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Publication numberUS3944993 A
Publication typeGrant
Application numberUS 05/397,287
Publication dateMar 16, 1976
Filing dateSep 14, 1973
Priority dateSep 14, 1973
Publication number05397287, 397287, US 3944993 A, US 3944993A, US-A-3944993, US3944993 A, US3944993A
InventorsJames A. Dalke, Wayne E. Hough
Original AssigneeMetro Data Corporation
Export CitationBiBTeX, EndNote, RefMan
External Links: USPTO, USPTO Assignment, Espacenet
Non-interlaced 263 TV line character generation system
US 3944993 A
Abstract
A character generator system suitable for creating a character display on the screen of a standard TV receiver is disclosed. The character generator system includes a sync generator which generates timing and synchronizing signals that create a 263 line, non-interlaced, roster. The character generator system also includes a character generator adapted to receive binary signals that define the character display. The character generator is timed and synchronized by the sync generator so as to create a charater video signal suitable for creating the character display as the screen of the TV receiver is scanned. Color is added to the character video signal by a chroma generator in a manner such that the background is in one color and characters are in another color. The 263 line raster (non-interlaced) results in a color display without color fringing.
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Claims(4)
We claim:
1. A character generation system suitable for creating a video signal adapted to create a color character display with a 263 TV line non-interlaced scan on the screen of a residential type TV receiver, comprising:
a sync generator suitable for generating a plurality of synchronizing signals adapted to create a 263 TV line non-interlaced scan, said synchronizing signals including a coded set of binary signals, said coded set of binary signals defining dots on a TV screen along a 263 TV line non-interlaced scan;
a character generator adapted to receive character nature signals from an external source and synchronizing signals from said sync generator, and generate a character video signal in accordance therewith suitable for application to a residential type TV receiver to create a character display along said 263 TV line non-interlaced scan; and,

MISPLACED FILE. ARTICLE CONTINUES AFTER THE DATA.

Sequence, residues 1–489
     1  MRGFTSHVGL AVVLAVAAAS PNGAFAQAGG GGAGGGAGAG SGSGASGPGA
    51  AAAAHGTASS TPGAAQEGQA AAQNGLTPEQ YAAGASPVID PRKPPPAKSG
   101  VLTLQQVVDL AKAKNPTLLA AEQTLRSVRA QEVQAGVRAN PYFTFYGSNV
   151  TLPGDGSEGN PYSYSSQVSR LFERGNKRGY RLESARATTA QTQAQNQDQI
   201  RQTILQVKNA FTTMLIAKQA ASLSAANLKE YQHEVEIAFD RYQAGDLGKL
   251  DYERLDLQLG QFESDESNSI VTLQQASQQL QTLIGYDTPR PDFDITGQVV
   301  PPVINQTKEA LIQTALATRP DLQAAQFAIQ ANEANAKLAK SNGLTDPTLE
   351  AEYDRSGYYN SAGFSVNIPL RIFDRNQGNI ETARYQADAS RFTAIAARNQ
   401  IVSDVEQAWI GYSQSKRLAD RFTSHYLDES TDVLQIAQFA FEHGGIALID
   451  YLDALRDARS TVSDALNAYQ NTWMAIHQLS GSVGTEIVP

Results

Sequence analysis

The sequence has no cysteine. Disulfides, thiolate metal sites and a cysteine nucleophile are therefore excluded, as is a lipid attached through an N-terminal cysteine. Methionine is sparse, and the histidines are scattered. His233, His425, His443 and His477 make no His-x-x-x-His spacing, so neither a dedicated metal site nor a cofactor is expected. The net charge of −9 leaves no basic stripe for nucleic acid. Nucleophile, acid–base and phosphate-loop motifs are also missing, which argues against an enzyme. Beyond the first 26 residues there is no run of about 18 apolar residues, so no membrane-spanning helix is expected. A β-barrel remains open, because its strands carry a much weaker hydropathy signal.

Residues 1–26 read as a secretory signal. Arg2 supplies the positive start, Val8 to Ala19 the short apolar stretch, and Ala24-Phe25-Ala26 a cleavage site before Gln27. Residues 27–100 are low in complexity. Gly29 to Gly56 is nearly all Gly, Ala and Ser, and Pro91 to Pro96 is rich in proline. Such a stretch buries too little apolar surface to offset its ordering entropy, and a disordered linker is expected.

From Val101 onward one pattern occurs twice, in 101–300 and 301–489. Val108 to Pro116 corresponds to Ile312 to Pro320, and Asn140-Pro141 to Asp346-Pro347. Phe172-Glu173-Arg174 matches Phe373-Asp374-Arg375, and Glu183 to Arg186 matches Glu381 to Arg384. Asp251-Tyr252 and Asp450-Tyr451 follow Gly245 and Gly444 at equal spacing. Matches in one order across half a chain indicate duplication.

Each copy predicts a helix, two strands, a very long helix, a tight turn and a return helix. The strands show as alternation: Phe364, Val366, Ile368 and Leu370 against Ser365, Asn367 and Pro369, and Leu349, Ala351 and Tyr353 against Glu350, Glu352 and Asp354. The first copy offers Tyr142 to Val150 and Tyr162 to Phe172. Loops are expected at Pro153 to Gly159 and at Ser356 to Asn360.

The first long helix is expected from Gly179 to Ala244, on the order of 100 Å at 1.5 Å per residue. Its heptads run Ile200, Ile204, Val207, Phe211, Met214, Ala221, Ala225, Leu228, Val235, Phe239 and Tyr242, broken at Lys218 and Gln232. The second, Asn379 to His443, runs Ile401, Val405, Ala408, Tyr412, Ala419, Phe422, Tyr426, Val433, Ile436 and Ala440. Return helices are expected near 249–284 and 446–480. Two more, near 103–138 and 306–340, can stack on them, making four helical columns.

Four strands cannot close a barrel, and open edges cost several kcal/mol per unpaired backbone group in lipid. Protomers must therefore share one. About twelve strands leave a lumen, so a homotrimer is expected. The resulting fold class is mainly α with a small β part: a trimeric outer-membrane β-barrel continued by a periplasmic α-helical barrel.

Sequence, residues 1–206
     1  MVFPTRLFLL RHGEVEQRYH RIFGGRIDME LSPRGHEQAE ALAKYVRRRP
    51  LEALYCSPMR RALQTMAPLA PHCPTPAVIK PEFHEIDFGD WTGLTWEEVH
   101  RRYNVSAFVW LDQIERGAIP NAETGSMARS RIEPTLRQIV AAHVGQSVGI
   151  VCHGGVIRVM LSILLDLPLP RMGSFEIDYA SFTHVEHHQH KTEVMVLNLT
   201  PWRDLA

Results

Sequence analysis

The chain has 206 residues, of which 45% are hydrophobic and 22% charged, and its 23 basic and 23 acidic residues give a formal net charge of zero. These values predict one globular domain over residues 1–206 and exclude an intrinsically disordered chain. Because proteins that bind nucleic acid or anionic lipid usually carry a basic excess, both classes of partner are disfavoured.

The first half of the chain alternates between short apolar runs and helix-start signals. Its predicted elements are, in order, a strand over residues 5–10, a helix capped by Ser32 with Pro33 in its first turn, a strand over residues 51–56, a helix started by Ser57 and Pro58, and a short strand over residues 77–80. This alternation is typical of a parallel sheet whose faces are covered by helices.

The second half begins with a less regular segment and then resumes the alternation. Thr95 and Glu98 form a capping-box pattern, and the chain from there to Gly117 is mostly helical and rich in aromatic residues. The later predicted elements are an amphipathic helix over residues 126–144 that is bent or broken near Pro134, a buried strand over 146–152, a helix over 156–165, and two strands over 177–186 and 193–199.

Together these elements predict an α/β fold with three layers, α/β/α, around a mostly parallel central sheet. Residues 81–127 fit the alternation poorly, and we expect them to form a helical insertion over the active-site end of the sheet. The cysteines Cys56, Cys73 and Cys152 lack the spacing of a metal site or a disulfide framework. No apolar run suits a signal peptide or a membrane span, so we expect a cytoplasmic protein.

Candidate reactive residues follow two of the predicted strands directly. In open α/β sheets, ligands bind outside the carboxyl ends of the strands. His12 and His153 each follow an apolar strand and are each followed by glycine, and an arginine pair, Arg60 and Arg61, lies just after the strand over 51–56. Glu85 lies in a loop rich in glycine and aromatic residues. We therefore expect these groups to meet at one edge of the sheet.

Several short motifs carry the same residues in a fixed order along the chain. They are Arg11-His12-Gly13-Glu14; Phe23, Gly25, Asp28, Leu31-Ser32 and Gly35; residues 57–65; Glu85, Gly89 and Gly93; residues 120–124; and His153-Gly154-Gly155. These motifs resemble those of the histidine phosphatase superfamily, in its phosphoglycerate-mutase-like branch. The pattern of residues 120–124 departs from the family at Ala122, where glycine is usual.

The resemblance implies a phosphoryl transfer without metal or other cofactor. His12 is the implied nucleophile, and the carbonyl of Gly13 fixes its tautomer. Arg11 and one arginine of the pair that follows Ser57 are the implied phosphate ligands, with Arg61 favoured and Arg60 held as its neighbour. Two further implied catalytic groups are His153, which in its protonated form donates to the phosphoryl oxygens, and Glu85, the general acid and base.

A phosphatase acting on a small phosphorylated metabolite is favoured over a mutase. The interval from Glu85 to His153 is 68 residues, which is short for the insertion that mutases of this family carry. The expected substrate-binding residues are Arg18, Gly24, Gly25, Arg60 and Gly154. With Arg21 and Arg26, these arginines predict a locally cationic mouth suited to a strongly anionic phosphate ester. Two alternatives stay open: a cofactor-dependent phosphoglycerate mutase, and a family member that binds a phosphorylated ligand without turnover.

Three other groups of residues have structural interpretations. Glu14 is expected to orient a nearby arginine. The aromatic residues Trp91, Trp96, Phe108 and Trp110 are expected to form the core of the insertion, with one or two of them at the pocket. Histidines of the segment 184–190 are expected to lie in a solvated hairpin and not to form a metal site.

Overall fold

a chroma generator connected to said character generator so as to add chroma information to said character video signal whereby said character video signal is suitable for creating a color character display on the screen of a residential type TV receiver along said 263 TV line non-interlaced scan.
2. A character generation system as claimed in claim 1, wherein said sync generator comprises:
a frequency generator suitable for generating a dot frequency signal;
a timing chain connected to the output of said frequency generator suitable for dividing the dot frequency output of said frequency generator into a plurality of digital signals, said plurality of digital signals forming said coded set of binary signals;
a TV sync generator connected to said timing chain for generating predetermined synchronizing and timing signals including a composite sync signal; and,
a clock for character generator connected to said timing for generating synchronizing and timing signals suitable for use by said character generator.
3. A character generation system as claimed in claim 2, wherein said character generator includes character generator circuitry suitable for receiving said character nature signals and storing all of said character nature signals related to at least one complete display page, said character generator circuitry also being suitable for converting said character nature signals into a character video signal synchronized by signals received from said sync generator.
4. A character generation system as claimed in claim 3 wherein said chroma generator is connected to said character generator circuitry to receive said character video signal and add chroma information to said signal, said chroma generator also being connected to said sync generator to receive said composite sync signal and add it to said character video signal whereby a composite video signal suitable for creating a color character display on the screen of a residential type TV receiver is created.
Description
BACKGROUND OF THE INVENTION

This invention is directed to character generation systems and more particularly to character generation systems for creating a character display on a TV receiver.

One of the problems with some prior art character generator systems is that they will not create characters on the screen of a standard residential TV receiver without substantial modifications being made to the receiver. Thus, they use expensive special receivers for character display. Another problem with prior art color character generator systems, is the undesirable color fringing effect which occurs when a standard interlaced 262 1/2 dual field technique is used. This invention is directed to overcoming these and other problems related to prior art character generator systems, particularly those which display characters in color.